Only drink boiled or bottled water and drinks from a can. Renounce ice cubes and salad. Please also consider the fact that Aids represents a big problem, especially in important tourist areas.


Illegal Souvenirs

Please stay informed about products that may involve child labor and adhere to local laws concerning the purchase and export of antiquities when you're on an Africa Safari Experts journey. It's essential to refrain from acquiring items originating from endangered or delicate species, both flora and fauna. Be mindful of goods derived from prohibited animals or plants, as it's strictly prohibited to bring such souvenirs to Europe, and you could face significant fines. Here's a list of examples of products and materials that fall into this category:

  1. Any type of coral and coral-based products.
  2. All large shells.
  3. Ivory and ivory-based products.
  4. Cactuses or orchids (e.g., rain sticks made from cactuses are prohibited).
  5. Chinese medicines and plasters.
  6. Any products made from the skins of tortoises, crocodiles, snakes, big cats, butterflies, and parrots.

Your awareness and compliance with these guidelines are vital to ensuring responsible and ethical travel practices during your safari adventures.


We recommend a travel cancellation insurance as well as an insurance for the loss of baggage and valuables and an overseas health insurance.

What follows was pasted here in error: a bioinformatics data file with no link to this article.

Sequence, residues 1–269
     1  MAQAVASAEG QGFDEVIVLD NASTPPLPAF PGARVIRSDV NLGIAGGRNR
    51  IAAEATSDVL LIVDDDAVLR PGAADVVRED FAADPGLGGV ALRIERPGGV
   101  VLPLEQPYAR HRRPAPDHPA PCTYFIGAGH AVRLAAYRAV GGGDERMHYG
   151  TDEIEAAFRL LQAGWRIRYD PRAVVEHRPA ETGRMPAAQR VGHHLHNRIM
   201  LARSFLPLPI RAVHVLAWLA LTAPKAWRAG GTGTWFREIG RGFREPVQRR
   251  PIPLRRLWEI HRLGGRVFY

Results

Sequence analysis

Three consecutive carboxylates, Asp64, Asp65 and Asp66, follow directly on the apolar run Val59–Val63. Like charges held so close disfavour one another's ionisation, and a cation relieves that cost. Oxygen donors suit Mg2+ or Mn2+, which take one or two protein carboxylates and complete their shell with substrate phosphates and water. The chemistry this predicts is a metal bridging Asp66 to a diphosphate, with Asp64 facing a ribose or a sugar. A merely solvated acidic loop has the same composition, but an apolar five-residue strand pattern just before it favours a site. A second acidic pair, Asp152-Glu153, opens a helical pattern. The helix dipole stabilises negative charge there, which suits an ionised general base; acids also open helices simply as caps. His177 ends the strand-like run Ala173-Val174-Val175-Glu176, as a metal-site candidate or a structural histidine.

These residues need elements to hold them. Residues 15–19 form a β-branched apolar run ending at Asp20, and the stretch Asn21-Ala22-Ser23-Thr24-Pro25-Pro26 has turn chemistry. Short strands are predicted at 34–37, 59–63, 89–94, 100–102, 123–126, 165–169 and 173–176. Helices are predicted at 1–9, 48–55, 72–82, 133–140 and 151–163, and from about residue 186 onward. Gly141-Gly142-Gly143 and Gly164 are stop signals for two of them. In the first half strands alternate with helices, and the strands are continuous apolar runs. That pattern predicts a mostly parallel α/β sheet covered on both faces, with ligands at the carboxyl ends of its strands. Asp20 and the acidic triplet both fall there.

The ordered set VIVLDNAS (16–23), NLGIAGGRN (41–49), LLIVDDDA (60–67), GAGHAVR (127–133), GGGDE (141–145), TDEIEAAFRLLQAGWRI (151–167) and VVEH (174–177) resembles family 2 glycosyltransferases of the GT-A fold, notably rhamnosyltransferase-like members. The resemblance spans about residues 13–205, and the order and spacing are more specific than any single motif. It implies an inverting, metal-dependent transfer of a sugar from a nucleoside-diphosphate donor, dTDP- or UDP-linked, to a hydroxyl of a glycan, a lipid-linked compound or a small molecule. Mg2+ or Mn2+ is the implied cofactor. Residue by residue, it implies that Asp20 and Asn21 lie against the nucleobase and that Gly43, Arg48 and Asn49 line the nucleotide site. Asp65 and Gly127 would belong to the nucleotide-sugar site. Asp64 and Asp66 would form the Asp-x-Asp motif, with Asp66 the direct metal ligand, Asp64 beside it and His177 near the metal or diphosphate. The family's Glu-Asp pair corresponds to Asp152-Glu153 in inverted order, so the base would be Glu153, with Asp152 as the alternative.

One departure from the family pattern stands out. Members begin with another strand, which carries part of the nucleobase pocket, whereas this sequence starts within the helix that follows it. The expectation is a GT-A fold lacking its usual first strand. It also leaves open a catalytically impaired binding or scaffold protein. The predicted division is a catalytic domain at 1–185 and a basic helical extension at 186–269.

Many locals, especially in tourist centres, speak English. Yet, a few Swahili words can be useful and are much appreciated by the locals.

Some important words:
Pole pole: slowly
Asante: thank you
Karibu: please, welcome
Kwa heri: goodbye
Jambo or Habari: hello
Answer to Habari: nzuri (pronounced: nsuri)



Common currencies such as US Dollar and Euro are accepted in tourism centres and in hotels and lodges. Credit cards are only partially accepted, with unfavourable courses and high fees (up to 5% service charge). At the ATMs of some banks in Arusha, Dar es Salaam and Zanzibar you can withdraw Tanzanian Shilling with your Maestro card and your credit card. We recommend to take enough cash with you, as ATMs and credit card machines are not reliable and might not work during your stay.


Mountain sickness

In order to prevent mountain sickness, hike slowly. Give your body time to adapt to the changing conditions. Plan at least 5 or more overnight stays for the climb. Take your time and enjoy the beauty of the mountain.


On safari